- A Conversation About "Song for My Father" 34:35
- Comparison: Intros of "Song for My Father" and "Rikki Don't Lose that Number" 0:33
Horace Ward Martin Tavares Silver, one of the most important jazz musicians of the twentieth century, was born on September 2, 1928 and died on June 18, 2014. Chris Kelsey wrote a nice profile of Horace Silver’s career at www.bluenote.com.
Silver’s contribution was hard bop, a subgenre that flowed from bebop. It’s not a great name. Bebop is characterized by fast and highly complex playing. The word “hard” to me suggests taking that tendency to the max – playing “harder.” The truth is the opposite: Silver and other players turned away from the emphasis on speed and technique and re-introduced elements of gospel, blues and rhythm and blues.
Silver was born in the New York City area. His music was influenced by his father, who was from Cape Verde. Indeed, the piece that my brother Walter and I discuss in the embedded conversation above is “Song for My Father.” Silver mentions its roots at the beginning of the clip, which is embedded below.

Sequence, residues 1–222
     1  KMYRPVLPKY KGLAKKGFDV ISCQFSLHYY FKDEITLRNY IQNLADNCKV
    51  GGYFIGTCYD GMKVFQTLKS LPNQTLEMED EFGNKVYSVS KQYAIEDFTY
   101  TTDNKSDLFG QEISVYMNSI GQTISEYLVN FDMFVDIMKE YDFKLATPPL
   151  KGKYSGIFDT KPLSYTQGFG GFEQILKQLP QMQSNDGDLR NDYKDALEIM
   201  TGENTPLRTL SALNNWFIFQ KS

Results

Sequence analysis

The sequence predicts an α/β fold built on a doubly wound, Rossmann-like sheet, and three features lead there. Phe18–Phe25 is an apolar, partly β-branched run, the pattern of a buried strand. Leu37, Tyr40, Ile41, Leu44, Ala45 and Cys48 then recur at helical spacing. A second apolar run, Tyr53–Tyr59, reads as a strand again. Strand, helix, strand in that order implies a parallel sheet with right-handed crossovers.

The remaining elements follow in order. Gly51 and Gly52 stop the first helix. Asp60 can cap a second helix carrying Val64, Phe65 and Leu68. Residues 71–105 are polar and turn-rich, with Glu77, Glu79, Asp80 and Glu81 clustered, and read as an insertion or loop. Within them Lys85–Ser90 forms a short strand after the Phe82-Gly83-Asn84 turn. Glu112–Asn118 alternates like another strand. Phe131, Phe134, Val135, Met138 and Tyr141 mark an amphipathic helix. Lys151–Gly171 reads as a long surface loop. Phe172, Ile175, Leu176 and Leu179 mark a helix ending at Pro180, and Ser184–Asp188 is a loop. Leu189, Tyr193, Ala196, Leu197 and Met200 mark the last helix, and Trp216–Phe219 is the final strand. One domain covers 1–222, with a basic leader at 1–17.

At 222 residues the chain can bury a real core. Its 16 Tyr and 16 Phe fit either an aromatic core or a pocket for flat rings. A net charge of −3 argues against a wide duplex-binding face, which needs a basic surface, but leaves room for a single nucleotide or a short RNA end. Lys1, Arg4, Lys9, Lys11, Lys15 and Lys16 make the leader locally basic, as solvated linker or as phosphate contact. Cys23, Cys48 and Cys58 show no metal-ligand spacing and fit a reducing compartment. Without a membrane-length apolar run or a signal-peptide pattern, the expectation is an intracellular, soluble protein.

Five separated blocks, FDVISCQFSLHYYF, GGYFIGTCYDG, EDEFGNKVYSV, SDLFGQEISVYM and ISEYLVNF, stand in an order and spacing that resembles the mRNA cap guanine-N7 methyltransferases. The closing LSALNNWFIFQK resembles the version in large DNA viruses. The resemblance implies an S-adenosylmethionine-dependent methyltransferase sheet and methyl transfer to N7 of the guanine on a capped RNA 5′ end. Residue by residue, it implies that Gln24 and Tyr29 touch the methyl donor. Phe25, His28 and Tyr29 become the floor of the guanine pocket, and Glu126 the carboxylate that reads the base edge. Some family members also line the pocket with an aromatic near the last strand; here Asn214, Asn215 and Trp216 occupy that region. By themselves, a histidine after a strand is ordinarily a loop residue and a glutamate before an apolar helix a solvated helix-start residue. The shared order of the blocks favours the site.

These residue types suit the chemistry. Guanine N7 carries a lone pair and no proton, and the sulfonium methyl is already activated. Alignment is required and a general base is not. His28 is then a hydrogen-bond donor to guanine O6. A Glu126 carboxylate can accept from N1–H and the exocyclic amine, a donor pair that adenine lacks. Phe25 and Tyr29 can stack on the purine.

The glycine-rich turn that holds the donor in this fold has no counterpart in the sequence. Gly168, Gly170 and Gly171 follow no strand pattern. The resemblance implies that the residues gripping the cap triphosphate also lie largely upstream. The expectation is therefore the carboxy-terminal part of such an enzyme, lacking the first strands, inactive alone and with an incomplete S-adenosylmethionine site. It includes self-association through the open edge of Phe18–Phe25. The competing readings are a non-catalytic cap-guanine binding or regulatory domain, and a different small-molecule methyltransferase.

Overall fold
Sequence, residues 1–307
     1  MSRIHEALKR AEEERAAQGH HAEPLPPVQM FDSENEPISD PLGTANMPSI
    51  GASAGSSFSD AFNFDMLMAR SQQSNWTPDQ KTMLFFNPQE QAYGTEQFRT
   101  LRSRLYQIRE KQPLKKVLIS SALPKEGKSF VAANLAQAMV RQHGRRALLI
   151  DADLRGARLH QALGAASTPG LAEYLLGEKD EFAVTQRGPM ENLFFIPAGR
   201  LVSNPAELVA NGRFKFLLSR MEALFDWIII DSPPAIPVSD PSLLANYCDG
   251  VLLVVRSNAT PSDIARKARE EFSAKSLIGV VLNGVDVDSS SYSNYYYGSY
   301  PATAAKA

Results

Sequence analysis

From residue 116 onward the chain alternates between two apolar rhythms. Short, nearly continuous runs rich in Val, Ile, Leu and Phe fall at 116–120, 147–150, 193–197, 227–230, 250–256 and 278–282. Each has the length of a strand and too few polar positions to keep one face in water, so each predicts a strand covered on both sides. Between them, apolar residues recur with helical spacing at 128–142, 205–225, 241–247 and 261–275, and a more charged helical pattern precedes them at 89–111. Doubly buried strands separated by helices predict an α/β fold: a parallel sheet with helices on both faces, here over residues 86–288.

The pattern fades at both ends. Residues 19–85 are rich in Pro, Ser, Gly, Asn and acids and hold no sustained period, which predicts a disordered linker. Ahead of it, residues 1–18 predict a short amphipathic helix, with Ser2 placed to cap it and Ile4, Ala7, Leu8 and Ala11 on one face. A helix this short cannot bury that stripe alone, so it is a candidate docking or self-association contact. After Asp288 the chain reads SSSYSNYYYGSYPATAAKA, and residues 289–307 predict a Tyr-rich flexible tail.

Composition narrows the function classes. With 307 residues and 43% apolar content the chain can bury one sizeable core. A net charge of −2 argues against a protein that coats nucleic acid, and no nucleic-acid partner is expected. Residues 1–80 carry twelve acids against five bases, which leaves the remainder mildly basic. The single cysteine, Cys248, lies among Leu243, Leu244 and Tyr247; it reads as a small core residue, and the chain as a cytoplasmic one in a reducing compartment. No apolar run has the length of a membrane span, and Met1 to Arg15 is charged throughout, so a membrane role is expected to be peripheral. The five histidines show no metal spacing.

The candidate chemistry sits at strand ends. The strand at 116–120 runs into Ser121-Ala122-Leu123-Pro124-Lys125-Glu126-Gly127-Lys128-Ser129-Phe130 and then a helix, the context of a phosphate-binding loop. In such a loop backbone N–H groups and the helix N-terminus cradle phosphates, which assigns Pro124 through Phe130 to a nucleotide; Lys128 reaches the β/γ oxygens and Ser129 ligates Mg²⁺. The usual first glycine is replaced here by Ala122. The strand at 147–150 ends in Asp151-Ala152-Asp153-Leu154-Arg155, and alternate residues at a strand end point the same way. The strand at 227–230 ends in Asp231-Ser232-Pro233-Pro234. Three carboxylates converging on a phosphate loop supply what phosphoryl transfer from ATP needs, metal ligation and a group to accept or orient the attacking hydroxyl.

Silver’s big break came in 1950, when he was hired by tenor great Stan Getz. He spent the year with Getz and subsequently freelanced around New York City with the jazz giants of the era, including Lester Young and Coleman Hawkins. Kelsey does a nice job telling the story, which includes forming the seminal band “The Jazz Messengers” with Art Blakey, one of the great drummers in jazz history.
“Song for My Father” was the title track of an album released in 1964. The live version below, which the notes at YouTube says was recorded in Copenhagen in April, 1968, features Silver, Bernie Maupin on tenor sax, Bill Hardman on trumpet, John Williams on bass and Billy Cobham on drums.
In addition to the great song and playing, it’s a tremendous video that perfectly illustrates the intensity of the musicians. An interesting side note that may be of special interest to rock fans is the similarities between the first few seconds of “Song for My Father” and Steely Dan’s “Rikki Don’t Lose that Number.” The passages are not exactly the same, but pretty close. It’s most likely a tribute by Becker and Fagan. I’ve included a comparison above.
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